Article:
Friday, January 25, 2008

Parashat Yitro - 2008

A few thoughts before the arrival of Shabbat:

There was a fascinating article in Harper’s Magazine, the January 2008 edition, titled “The God of the Desert: Jerusalem and the Ecology of Monotheism” by Richard Rodriguez. The cover of the magazine adds: “Richard Rodriguez in the Barren Birthplace of Judaism, Christianity, and Islam.” It is not a lite article. Rodriguez views desert as emptiness, most holy places as spaces designed to contain THE Emptiness, and speaks mostly of loneliness. And yet, it is desert where Moses, and the children of Israel, encounter God, to whom we refer as HaMakom, THE Place, the opposite of emptiness.

On Sunday, I am taking Mira and Amalya to Ein Gedi, on the edge of the Dead Sea, for few days (Elan is in Atlanta for the weekend and Becca has lots of rehearsals for The Man of La Mancha). Ein Gedi is an Oasis, a spot of rich beauty, of water and sustenance, at the lowest point in the world. It is also, I believe, and excellent metaphor for finding God, and not Emptiness, in the desert. In our modern world of urban sprawl, of constant noise, of traffic and ambient sound, the city can often be a place of utter loneliness. Despite the cacophony of humanity, the individual is often lost, forgotten, lonely, empty. In the desert, senses are heightened and we find the ability to perceive and experience God in a different way. It is no wonder that Moshe and B’nai Yisrael, at the foot of a humble mountain in the midst of the desert, are able to experience Revelation. Instead of loneliness, they find God.

I am not sure what we will find at Ein Gedi on Sunday, but based on prior experience, I think we can count on a pretty powerful, and Divine, encounter.

דבר אחר

This past week in Atlanta, there was a conference about expanding Camp Yofi: Family Camp for
Jewish Families with Children with Autsim to other Jewish camps across the country. When the children of Israel, and all of us as well, stood together at Mt. Sinai, children with autism and their families were included in the Revelation. Torah, and membership in the Jewish People, was given to them equally and it is time for the leadership of the community to recognize this and act on it. It is my hope that this conference will lead to a spreading of the model across the country so that more lives can be touched and the entire Jewish people strengthened.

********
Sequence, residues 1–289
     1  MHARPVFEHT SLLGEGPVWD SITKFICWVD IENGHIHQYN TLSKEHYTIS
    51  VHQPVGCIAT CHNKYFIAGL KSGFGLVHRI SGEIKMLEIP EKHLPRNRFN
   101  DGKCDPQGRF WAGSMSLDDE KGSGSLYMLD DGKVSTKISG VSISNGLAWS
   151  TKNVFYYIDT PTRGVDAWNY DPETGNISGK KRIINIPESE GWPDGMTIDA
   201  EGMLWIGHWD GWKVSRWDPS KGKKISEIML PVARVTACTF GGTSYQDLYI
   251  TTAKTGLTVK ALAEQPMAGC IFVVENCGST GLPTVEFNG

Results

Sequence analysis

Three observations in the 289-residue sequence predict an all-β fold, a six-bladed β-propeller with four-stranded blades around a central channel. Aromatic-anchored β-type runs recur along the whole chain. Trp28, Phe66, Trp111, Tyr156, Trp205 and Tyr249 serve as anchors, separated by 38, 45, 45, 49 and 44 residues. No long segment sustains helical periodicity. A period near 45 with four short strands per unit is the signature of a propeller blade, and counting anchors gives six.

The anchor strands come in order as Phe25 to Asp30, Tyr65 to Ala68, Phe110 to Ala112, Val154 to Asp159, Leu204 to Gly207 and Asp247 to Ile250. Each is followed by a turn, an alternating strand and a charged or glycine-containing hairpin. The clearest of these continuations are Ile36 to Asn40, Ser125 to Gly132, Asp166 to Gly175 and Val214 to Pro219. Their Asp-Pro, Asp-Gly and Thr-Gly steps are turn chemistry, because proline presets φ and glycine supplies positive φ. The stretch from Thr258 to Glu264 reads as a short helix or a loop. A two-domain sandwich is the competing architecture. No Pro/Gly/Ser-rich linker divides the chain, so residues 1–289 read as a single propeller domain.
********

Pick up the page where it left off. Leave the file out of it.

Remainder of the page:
The first Camp Yofi would not have taken place without the vision of Ramah Darom. Camp Yofi could not have gotten started without the generosity of The Barry and Judy Silverman Foundation, the Covenant Foundation, the Foundation for Jewish Camping, and many others. Without the support of The Marcus Foundation, neither the expansion to a second session nor the conference could have transpired. And without the exceptional talent and dedication of Susan Tecktiel and Dr. Sue Kabot, the entire endeavor never would have gotten off the ground. They were our Moshes.

Now, it is time for other Moshe’s to step up, to hear the call, and make this important program happen across North America. Many of them showed up in Atlanta this week. Whether you are a Jewish camp helping to expand this program, new leaders to execute it, or new funders making investing to make it possible, I hope you will, to paraphrase – and modify Hillel the Elder: “Go and Learn and Do!”

Shabbat Shalom.

Friday, January 18, 2008

Becca and Mira Debuts in Israel

Becca is starring in the Man of La Mancha in the role of Aldonza. You can see the promotional poster at Tickets for Jerusalem performances are available at 02-671-8281. Jerusalem dates are February 13, 14, 16, and 17. Tickets for Tel Aviv and Raanana performances are available at 03-636-4007. The performance in Tel Aviv is on February 11 and the Ranaana performance takes place on February 18. Becca will also be playing the role of Glinda the Good Witch in the upcoming performance of the Wizard of Oz, where Mira will make her international debut as a munchkin.